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The compensation fund for victims of General Motors' faulty ignition switch has determined that 121 claims are eligible, including those for 51 people who died, administrator Kenneth Feinberg told CNBC on Monday.
GM was using different standards—direct evidence of the engineering defect—when it identified 13 eligible cases, Feinberg said. Lawyers and the judges look at other factors, such as circumstantial evidence, "so naturally there would be more clients," Feinberg said in "Squawk Box" interview.
As of Monday morning, the compensation program had received 4,180 claims, but about 3,000 were either ineligible, lacked sufficient documentation or were filed with no documentation whatsoever, he said. The program is still reviewing claims that were submitted by the deadline.
Feinberg declined to say how much the GM could potentially pay in total compensation, but said no eligible claimant has thus far rejected the money the fund has offered. The initial 13 claims identified by GM have been processed, he added.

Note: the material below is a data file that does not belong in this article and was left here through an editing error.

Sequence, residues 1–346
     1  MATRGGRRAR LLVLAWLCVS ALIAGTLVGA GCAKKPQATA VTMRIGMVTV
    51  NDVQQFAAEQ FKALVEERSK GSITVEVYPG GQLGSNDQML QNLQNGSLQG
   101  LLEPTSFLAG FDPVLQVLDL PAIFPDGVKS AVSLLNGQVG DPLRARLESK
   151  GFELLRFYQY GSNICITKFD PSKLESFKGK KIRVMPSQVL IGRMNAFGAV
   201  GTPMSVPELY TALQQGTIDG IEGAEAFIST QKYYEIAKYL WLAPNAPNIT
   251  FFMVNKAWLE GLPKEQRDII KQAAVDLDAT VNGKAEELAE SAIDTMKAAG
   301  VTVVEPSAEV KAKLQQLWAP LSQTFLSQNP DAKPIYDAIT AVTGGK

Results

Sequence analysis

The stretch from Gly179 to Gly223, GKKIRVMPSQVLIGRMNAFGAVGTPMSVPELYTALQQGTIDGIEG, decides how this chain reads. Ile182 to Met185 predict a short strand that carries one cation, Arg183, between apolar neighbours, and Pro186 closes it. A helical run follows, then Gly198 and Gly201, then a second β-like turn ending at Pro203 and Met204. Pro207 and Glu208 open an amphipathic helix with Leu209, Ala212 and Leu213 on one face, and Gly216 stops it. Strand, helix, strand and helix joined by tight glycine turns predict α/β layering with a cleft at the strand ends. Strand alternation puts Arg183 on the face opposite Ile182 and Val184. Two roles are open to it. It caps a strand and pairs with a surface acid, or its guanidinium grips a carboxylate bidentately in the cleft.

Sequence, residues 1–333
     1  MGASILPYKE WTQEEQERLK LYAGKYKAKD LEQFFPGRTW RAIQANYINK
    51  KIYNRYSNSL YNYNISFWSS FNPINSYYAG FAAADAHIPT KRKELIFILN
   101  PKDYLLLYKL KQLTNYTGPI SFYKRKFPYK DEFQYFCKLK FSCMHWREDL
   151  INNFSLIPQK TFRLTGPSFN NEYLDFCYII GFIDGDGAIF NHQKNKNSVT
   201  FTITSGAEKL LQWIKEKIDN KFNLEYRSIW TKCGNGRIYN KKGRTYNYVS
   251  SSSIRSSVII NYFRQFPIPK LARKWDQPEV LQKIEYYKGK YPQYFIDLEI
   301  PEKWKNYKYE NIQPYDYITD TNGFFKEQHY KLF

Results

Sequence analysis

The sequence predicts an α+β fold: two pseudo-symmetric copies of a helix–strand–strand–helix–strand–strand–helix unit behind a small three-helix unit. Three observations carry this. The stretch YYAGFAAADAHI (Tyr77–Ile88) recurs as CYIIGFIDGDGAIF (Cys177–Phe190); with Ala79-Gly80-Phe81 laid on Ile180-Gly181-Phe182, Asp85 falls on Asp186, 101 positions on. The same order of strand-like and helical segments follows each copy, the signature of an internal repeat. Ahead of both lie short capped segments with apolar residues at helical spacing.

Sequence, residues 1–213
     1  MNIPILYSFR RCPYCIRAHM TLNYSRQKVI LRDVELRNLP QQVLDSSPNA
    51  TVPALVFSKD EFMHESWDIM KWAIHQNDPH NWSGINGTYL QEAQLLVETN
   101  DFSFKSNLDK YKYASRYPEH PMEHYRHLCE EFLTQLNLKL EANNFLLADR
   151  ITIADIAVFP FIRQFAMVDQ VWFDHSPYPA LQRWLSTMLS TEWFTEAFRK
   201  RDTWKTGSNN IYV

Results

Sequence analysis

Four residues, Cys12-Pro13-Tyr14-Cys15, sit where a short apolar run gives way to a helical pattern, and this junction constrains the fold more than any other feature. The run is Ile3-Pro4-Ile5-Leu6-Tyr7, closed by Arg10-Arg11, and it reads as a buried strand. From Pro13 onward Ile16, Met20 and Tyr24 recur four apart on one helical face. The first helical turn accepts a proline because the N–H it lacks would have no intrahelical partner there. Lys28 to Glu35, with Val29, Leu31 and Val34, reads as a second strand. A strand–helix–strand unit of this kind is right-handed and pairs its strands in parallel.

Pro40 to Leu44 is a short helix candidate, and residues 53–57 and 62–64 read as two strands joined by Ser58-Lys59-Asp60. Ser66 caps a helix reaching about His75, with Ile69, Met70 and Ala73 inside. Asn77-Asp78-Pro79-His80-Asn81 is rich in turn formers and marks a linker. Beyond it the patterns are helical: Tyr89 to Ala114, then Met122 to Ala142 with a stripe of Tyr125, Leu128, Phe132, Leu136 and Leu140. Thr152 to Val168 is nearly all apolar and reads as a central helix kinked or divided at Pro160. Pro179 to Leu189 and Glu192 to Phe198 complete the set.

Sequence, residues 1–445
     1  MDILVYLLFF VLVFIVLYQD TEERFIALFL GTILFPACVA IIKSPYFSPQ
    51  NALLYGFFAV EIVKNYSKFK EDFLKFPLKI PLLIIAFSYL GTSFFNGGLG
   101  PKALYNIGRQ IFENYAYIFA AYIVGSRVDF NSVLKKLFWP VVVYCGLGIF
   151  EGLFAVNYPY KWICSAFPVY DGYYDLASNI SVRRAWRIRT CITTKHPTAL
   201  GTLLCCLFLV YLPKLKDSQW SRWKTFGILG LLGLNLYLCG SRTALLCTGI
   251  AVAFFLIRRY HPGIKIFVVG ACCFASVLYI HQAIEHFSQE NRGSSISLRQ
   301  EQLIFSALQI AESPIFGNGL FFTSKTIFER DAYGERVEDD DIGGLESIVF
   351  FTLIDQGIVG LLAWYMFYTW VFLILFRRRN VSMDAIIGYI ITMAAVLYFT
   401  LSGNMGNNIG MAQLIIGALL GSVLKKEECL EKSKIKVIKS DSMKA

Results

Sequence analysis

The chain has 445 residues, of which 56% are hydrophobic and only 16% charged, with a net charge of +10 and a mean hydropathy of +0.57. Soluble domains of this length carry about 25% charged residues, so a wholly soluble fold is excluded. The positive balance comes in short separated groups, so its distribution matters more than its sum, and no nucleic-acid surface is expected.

Feinberg has also handled claims for the BP Deepwater Horizon oil spill and the September 11th Victims Compensation Fund. The GM case has proven difficult compared to those high-profile cases because some of the accidents attributable to defective ignition switches go back a decade, he said.
"In BP, in 9/11, we were processing claims, relatively speaking, immediately after the tragedy," he said. "Here we're going back to the early 2000s, and it's very difficult and complex to reconstruct accidents with circumstantial evidence after so much time has expired."
General Motors said last week it would not extend this past weekend's deadline to file claims in its faulty ignition switch compensation program, rejecting pleas from two U.S. senators for an extension.
GM said it had already extended the deadline once to Jan. 31.
—Reuters contributed to this story.